Complacency in Ministry and the Spiritual Life

Two bloggers I read regularly both posted recently on various aspects of complacency in the spirtual life and ministry.

Mike Patin, sudoku ninja, speaker and author, who is emceeing this year’s National Conference on Catholic Youth Ministry in New Orleans, LA  (and in 2011 will IStock_000001547146XSmall-1 be Keynoting the National Catholic Youth Conference in Indianapolis, IN) blogged on the temptation to grow complacent in the spiritual life:

“It is really easy for me with life’s brisk pace, as well as having a “job” that has a spiritual side to it, to get  complacent.  It is so easy to lose focus on God and family, both of whom are SO CLOSE that I can forget to share love, and time, and possessions with them as well as others who are close and who come across my path. It’s like I fall in love with my activity more than God and the people I am given to show his love.”

Read his whole post. Its great, especially the quote about from the Patriots Superbowl Lockerroom.

Josh Griffin, who blogs at More than Dodgeball, reminds ministers that we will never “arrive.” There will be no point when all God’s work is done and we can relax. We must continue growing, stretching and learning. There will always be challenges and opportunities to follow Christ more closely and love him more deeply. Josh writes:

You may get closer to the goal, but you’ll never really get there. You’re not supposed to. You need to be OK with that fact. Youth ministry is about seasons of success, seasons of failure, busy seasons and busier seasons. Youth ministry is good, bad and ugly all wrapped into one. You will never arrive – God’s church and your leadership will always be a work in progress. Read the whole post here.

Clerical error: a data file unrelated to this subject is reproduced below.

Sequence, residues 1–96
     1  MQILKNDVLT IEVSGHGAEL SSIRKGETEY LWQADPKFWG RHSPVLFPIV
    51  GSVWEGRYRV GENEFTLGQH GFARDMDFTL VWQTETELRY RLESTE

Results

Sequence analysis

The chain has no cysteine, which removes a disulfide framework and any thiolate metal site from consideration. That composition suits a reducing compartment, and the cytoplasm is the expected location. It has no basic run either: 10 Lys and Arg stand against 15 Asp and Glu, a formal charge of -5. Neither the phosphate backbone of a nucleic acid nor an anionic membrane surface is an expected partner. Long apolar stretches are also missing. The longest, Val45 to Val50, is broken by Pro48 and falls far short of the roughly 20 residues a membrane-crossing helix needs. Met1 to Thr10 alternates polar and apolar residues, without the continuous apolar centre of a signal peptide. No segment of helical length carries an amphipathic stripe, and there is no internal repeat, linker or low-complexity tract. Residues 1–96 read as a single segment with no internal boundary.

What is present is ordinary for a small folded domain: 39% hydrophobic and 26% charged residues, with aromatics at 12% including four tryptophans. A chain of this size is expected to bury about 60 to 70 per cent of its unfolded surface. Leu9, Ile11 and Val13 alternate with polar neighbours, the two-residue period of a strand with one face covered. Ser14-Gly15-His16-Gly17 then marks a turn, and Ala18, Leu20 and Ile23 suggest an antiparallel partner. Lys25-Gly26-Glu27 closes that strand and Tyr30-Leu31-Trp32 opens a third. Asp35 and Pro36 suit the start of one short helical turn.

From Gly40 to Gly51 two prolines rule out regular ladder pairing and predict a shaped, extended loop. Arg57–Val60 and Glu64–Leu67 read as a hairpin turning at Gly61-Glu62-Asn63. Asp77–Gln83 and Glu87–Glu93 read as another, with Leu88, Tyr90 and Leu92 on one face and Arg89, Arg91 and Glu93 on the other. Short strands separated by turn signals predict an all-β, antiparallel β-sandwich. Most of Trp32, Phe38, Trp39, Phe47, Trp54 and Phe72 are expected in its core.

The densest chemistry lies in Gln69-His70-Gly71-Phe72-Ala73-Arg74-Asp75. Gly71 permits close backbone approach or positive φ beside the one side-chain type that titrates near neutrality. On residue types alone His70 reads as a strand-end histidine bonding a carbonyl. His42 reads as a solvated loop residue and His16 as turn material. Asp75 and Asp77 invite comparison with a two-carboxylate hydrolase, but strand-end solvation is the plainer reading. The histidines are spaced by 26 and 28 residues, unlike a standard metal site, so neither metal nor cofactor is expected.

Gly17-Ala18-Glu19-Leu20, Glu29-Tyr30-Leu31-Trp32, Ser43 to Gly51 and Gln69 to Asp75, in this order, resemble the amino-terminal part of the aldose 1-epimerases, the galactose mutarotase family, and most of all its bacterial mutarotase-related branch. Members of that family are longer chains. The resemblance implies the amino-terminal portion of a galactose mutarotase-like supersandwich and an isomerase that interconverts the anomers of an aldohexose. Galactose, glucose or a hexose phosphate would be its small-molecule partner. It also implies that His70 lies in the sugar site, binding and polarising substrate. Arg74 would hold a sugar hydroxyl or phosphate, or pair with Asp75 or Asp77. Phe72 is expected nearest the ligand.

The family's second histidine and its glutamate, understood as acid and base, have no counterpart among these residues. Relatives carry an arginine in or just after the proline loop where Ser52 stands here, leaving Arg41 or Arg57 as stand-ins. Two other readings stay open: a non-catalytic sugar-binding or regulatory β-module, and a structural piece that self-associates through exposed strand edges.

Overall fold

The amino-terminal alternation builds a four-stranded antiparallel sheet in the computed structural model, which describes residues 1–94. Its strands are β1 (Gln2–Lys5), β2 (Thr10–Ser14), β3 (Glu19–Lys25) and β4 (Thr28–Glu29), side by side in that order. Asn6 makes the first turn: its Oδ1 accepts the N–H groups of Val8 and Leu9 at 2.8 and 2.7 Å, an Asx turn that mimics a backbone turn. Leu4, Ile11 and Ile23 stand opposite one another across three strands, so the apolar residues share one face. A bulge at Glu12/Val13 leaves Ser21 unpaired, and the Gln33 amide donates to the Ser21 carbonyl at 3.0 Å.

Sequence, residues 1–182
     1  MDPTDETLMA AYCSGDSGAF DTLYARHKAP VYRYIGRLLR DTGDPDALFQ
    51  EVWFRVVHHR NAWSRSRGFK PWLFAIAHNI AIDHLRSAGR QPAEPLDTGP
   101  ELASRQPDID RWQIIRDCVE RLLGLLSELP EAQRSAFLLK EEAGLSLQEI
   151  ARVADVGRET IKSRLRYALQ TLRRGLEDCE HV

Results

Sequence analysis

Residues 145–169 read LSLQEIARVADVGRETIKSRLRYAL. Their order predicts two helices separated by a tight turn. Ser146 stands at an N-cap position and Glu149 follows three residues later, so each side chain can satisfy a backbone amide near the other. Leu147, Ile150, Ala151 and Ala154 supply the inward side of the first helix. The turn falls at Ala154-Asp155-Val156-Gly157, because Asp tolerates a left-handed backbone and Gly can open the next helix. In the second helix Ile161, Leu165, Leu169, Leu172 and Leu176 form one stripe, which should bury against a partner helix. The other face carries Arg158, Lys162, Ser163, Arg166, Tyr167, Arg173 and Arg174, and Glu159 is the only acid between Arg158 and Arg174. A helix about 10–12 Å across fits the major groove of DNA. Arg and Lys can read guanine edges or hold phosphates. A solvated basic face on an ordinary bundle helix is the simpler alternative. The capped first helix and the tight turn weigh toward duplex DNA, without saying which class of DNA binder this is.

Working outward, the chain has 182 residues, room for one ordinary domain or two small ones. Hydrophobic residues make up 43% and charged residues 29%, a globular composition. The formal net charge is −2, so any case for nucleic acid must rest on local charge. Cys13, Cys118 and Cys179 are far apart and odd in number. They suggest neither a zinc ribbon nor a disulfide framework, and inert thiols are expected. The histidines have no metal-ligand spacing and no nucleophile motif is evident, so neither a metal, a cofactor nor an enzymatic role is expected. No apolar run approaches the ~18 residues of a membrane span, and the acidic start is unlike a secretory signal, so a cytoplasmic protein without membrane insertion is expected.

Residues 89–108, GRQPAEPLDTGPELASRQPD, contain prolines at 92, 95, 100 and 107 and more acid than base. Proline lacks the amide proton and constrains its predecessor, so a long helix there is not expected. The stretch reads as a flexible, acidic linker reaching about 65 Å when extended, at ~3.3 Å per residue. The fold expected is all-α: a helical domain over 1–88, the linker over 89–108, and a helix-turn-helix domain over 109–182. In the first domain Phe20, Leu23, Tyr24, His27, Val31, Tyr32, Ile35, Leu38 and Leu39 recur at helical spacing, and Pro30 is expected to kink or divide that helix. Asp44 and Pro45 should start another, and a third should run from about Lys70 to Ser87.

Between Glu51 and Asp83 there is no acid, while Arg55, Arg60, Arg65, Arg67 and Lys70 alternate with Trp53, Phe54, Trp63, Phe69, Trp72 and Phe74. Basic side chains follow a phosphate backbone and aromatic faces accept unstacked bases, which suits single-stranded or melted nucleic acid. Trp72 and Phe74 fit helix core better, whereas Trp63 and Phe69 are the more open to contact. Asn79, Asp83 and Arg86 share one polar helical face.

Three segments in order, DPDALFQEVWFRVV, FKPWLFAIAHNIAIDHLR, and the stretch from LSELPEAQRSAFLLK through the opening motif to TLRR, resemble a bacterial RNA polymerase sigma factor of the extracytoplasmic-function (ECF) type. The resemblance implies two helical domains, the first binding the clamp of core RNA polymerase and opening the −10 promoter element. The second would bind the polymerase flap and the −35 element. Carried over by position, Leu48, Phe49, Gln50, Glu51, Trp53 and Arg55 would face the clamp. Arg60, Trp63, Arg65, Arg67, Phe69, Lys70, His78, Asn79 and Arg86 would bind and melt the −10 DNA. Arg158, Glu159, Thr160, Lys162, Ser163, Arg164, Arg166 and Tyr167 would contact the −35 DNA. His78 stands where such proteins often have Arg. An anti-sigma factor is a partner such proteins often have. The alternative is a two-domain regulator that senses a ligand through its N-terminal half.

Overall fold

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Comments

  1. Thanks for this post. Great message for me to have right now…especially the one about never really arriving. The getting complacent thing is something I always struggle with and have a watch on, however, it’s always great to be reminded.

  2. Christian says:

    In my class, revising and (one hopes) improving the curriculum each year keeps me interested. I think one problem in teaching Catechism is that the volunteer teacher often feels like he has to stick ‘religiously’ to the textbook, which after the second year can be a passion-killer.

  3. admin says:

    When I first started I never thought I’d see the day when I’d be close to feeling complacent. I think for a while I just gave my self a bit of a break/reward for getting slightly caught up with the learning curve. I agree that the continuous improvement of a curriculum, or in my case talks, speaking and counseling skills, learning to write more clearly, succinctly–these keep me interested and passionate too. Thanks for commenting Marc and Christian.

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